Decentering the nation: a radical approach to regional inequality

Massey, Doreen; Amin, Ash and Thrift, Nigel (2003). Decentering the nation: a radical approach to regional inequality. Catalyst, London, UK.



One of the most persistent characteristics of the geography of the United Kingdom is the wide inequality that exists between its constituent regions. In the present period, in spite of many stated intentions and much government rhetoric to the contrary, it has on many measures grown considerably worse.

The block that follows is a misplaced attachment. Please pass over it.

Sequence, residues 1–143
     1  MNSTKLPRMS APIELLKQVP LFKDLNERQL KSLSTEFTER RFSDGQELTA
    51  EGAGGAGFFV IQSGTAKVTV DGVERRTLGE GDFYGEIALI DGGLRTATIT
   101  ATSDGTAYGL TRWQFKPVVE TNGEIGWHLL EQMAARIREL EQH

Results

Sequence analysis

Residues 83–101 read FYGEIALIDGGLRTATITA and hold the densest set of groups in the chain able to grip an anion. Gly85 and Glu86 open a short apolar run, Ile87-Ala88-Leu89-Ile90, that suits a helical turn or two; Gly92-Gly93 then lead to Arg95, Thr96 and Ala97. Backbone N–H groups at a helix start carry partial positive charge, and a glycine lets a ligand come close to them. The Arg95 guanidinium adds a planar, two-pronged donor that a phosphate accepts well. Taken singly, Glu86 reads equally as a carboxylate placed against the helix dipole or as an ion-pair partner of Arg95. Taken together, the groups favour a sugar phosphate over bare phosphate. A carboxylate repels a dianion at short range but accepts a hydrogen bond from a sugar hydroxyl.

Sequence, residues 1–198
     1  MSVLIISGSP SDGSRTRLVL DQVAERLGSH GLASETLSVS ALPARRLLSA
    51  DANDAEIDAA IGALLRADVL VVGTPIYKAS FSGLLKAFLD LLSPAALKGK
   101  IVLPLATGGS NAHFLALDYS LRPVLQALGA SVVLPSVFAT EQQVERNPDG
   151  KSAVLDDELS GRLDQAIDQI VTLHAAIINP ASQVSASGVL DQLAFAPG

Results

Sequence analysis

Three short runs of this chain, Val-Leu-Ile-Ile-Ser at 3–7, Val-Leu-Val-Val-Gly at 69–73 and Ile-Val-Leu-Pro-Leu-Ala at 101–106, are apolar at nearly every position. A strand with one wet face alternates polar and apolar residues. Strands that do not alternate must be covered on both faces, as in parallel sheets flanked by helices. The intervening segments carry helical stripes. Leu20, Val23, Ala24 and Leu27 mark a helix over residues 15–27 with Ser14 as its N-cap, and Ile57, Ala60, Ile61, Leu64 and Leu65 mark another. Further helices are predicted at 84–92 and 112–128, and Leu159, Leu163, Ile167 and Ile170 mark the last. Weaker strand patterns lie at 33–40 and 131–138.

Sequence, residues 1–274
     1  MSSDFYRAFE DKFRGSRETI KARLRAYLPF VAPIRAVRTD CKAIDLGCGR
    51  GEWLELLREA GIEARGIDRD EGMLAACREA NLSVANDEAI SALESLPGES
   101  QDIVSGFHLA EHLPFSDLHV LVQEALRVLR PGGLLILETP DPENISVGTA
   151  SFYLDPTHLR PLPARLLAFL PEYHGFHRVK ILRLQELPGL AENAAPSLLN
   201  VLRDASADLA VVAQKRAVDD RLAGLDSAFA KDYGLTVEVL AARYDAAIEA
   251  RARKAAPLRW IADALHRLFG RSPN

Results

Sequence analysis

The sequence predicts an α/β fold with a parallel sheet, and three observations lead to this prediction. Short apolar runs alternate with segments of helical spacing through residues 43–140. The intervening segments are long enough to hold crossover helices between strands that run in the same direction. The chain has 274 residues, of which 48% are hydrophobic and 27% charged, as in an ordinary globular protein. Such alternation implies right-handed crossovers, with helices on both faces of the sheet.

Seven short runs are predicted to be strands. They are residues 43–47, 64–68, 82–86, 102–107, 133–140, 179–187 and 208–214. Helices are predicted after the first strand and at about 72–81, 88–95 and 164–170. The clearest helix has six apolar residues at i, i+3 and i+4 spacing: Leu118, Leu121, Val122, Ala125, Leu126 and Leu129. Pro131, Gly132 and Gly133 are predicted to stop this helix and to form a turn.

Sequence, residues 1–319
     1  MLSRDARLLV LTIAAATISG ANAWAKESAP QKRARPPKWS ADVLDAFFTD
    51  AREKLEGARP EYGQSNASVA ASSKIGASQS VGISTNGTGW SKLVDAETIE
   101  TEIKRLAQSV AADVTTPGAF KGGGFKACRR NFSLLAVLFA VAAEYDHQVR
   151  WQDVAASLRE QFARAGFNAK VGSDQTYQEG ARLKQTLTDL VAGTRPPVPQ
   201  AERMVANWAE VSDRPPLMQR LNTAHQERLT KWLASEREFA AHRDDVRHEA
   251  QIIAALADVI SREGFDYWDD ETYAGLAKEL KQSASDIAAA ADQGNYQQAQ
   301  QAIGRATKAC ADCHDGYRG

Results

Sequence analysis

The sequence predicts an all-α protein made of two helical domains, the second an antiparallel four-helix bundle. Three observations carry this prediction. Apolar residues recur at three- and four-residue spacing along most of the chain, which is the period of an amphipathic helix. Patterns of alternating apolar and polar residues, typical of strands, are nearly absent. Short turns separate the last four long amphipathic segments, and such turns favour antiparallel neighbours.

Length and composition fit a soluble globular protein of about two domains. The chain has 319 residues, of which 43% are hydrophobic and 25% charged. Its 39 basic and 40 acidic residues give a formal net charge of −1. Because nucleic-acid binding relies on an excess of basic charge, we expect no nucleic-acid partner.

This pamphlet argues that it will continue to do so unless there is a more serious engagement with the power dynamics that underlie this fundamentally unequal and undemocratic geography: dynamics that continue to return London and the South East as the centre of the nation. In the absence of both a systematic attack on the spatial concentration of power, and a radical re-imagination of the nature of regions in an age of geographical connectivity and flow, the concessions on offer in the current debate on devolution and region-building will amount to little more than a pin-prick in tackling the alarming regional inequality and political centrism that currently exists in Britain.

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